Captive Plight

Did you know there is no such thing as a domesticated elephant?

There is an estimated 15,000 Asian elephants in captivity. Most captive elephants are found in zoos, circuses, tourist and work camps, or privately held. The large majority of these elephants endured severe physical, mental, and emotional trauma at a young age to break their wild spirit and then train them for work.

Contrary to popular belief, captive elephants are not domesticated. ‘Domestication’ means the animal has been bred by man through many generations to bring out characteristics that man finds appealing and useful. Captive elephants are, instead, tamed wild animals kept in captivity. Genetically speaking, there is no difference between a wild and a captive Asian elephant. Therefore, the best elephant-friendly facilities will replicate the elephant’s natural environment as closely as possible.


Since all elephants are wild animals, regardless of whether or not they were born in captivity, they must be tamed in order to be worked or trained for human use. The taming process, involves breaking the wild spirit of a baby elephant so it will submit to the will of man. Elephants are usually broken between the ages of 2-4 because they are easier to handle at a young age. The use of small holding pens to immobilize the elephant, physical beatings, use of whips, sticks, nails, fire, sleep deprivation, joint stress, and the withholding of water and food is common. Elephant breaking techniques vary from country to country. In reference to the breaking of elephants in Thailand, the word ‘phajaan’, or separation, is often used. There is some debate about whether ‘phajaan’ is the correct terminology; however, it does not change the reality of the brutal process young elephants endure. In Sri Lanka, an attempt was made to break wild an adult elephant. This attempt failed, and resulted in a brutal and tragic death.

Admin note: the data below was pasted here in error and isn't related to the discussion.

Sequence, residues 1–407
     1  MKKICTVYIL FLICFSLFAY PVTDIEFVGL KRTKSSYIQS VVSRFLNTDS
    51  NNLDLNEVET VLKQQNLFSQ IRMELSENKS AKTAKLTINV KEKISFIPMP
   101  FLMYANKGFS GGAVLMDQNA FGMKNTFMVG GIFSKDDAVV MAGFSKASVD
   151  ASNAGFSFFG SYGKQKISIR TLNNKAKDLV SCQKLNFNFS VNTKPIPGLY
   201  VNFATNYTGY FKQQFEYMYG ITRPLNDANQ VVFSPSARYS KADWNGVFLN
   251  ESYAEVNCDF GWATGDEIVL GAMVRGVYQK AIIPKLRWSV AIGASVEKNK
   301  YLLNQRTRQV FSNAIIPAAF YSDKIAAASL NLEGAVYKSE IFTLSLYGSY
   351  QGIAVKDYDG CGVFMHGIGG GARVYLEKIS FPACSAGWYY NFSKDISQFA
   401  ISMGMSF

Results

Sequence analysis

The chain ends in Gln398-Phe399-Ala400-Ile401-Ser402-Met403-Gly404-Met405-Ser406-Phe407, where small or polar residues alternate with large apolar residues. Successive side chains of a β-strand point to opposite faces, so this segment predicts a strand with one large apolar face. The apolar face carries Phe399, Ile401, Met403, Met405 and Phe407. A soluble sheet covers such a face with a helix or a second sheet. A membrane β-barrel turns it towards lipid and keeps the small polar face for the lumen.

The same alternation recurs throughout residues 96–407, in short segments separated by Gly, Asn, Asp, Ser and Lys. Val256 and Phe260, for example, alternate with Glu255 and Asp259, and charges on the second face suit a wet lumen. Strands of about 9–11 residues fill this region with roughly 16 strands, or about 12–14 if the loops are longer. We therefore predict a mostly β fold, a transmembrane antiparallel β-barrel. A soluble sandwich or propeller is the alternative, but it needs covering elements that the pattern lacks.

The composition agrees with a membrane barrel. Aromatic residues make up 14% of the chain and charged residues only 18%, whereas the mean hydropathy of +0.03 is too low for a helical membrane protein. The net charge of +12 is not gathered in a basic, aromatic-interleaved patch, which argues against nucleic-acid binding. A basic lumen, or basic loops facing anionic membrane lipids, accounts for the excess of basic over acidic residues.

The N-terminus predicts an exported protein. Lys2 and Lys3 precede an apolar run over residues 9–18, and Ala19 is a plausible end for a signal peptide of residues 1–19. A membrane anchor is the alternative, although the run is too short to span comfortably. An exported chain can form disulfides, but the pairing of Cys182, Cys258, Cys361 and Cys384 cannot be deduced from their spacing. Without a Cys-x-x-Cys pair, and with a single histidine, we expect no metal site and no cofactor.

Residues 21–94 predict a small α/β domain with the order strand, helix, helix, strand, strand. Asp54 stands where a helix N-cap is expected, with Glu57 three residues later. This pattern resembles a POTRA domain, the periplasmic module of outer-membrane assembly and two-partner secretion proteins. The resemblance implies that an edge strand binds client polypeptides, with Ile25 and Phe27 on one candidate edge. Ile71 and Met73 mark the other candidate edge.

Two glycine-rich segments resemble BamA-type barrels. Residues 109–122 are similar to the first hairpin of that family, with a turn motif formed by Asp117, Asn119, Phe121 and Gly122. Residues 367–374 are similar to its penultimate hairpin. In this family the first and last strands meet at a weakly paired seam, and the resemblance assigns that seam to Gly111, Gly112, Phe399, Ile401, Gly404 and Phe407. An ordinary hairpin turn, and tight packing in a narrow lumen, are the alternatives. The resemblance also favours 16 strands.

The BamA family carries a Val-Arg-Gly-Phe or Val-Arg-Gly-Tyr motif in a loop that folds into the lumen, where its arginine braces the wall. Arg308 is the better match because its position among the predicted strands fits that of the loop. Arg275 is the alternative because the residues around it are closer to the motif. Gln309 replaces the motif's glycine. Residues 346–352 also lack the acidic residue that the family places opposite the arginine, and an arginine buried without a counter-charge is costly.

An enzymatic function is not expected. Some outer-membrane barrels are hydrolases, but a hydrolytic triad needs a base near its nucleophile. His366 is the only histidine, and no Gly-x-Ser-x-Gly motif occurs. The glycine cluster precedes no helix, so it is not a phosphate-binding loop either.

Poor quality care

Sadly, most captive elephants facilities do not provide proper care. The elephants physically endure overwork, improper diet, lack of clean water, foot ailments, musculoskeletal problems, chain wounds, improper climate, skin disorders, and more. The elephant’s emotional and mental wellbeing is often overlooked. Mental and emotional disorders caused by early separation of calf from mother, harsh taming methods, isolation, boredom, oppression, and living in fear of physical pain are common. Read about Elemotion’s Captive Philosophy here.


Stereotypy, a constant rocking or bobbing behavior, is a psychological disorder only seen in captive elephants. It is coping mechanism due to poor welfare conditions, trauma, and extreme stress. Many tour operators, irresponsible elephant managers, and poor quality mahouts will try to explain this behavior as ‘happy dancing’ or ‘the elephant is being silly’. This is absolutely FALSE.